While the linkages between Dublin in April 1914 and Berlin in 1939 might be tenuous, the point remains the same: in reconstructing the history of extraordinary times, we should not forget the way in which ordinary daily life continued unabated.

This month’s document is the transcript of the minutes of the Leinster Football Association, an organisation whose papers are held in UCD Archives as part of a large collection of records from professional, sporting, and trades associations which make UCD’s collections arguably the best in the country for the social and civic history of twentieth century Ireland. Among the 100 boxes of documents deposited by the Leinster Football Association is a vast array of minute books. These document the work of committees including the selection committee, the rules committee, and the rough play committee. The minutes selected for this month’s document are of the Association’s ‘Emergency Committee’, which appears to have met not-infrequently in these years.

The minutes of 28 April 1914 document both the vibrancy and the comedy of soccer in Ireland 100 years ago. On the one hand, the number of matches being played at various age-brackets indicate the popularity which soccer enjoyed in pre-war Dublin. Only a few months before these minutes were taken, football players had been the target of protests by workers during the 1913 Lockout. At a match between Bohemians and Shamrock Rovers played in Ringsend, scuffles had broken out between locked out workers and supporters. Dublin historian Donal Fallon explains that James Larkin stoked tensions by claiming that scab workers were playing on both teams. However, the junior players of the Leinster Football Association who feature in this month’s document appear to have been immune from any political controversy but were no strangers to dispute. It seem that impersonation was the single biggest issue with which the Emergency Committee had to deal at this meeting.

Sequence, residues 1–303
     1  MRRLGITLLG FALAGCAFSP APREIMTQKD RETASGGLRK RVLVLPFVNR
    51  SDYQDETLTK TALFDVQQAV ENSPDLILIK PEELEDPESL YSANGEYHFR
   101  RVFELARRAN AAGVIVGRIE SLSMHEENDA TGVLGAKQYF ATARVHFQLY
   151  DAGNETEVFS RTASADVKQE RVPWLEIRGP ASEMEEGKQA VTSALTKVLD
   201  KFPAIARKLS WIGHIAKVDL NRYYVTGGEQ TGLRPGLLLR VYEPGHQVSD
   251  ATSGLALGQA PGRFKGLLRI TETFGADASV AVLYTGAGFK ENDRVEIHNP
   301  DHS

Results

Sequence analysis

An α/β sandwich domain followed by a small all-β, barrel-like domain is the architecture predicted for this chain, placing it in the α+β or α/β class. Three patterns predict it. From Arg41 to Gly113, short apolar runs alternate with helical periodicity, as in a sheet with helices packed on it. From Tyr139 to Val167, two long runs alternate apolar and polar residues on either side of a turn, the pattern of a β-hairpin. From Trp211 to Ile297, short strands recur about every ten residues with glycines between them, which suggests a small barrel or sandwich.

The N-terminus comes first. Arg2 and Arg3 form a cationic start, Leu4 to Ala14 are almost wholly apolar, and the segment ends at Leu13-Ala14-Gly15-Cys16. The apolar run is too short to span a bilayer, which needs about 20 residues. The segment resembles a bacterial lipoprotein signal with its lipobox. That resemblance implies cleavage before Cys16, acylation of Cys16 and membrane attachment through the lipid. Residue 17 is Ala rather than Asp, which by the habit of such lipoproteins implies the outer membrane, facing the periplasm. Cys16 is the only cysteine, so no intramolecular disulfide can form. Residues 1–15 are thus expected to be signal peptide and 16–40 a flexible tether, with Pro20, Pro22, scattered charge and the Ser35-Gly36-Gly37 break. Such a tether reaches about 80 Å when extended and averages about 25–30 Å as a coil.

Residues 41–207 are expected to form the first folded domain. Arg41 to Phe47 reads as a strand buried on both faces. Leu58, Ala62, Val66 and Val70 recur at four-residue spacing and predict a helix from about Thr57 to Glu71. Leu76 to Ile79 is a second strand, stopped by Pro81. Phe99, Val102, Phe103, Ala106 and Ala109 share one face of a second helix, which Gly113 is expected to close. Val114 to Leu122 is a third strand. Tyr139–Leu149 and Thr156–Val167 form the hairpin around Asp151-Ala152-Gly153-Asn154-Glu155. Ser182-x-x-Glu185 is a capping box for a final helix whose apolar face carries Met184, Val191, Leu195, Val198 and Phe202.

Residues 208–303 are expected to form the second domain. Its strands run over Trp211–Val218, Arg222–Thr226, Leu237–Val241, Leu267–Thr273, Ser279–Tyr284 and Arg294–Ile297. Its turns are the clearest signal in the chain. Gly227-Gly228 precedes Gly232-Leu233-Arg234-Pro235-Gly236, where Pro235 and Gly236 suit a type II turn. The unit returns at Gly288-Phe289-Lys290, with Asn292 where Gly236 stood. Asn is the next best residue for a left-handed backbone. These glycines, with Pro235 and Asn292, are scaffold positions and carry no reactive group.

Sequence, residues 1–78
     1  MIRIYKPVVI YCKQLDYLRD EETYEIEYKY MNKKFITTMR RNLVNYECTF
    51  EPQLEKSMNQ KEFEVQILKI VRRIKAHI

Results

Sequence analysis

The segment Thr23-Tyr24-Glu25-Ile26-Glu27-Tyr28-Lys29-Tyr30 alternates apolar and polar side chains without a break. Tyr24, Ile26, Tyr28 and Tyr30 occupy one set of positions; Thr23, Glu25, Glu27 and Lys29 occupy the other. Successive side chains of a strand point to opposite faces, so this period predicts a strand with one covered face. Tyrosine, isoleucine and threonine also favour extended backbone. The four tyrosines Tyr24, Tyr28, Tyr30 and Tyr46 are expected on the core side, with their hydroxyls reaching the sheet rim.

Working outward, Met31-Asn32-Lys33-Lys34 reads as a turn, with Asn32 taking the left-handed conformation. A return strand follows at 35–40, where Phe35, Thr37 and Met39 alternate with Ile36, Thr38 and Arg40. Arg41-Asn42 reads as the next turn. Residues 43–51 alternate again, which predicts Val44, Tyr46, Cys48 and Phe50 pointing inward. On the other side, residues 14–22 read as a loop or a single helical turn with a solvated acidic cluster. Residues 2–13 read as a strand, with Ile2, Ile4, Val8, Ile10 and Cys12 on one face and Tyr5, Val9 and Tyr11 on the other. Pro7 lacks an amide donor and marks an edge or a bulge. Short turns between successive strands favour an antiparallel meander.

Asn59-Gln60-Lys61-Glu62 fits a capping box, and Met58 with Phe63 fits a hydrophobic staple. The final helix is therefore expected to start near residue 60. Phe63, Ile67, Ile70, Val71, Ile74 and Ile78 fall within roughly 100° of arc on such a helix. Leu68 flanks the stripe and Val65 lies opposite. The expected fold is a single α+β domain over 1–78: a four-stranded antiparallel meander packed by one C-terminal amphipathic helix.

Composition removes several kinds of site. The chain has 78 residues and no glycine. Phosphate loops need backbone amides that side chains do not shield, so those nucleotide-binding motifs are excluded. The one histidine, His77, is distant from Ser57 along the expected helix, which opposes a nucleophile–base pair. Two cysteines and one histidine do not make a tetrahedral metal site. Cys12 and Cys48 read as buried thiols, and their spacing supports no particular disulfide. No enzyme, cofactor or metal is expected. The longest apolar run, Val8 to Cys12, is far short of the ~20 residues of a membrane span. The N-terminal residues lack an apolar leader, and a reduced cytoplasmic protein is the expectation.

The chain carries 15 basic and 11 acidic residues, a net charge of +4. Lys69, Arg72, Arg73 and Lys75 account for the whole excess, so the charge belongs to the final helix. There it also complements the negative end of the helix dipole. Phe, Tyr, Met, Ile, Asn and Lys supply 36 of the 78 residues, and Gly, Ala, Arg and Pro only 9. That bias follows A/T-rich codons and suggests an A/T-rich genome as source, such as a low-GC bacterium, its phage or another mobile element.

Unregistered and over-age players, linesmen playing in matches for other teams, and other ruses designed to pull the wool over the eyes of opponents and officials alike are unmasked in these extraordinary minutes. Competition was clearly intense among these junior level players and teams appear to have been extremely earnest in requesting that points not be awarded to teams violating the rules.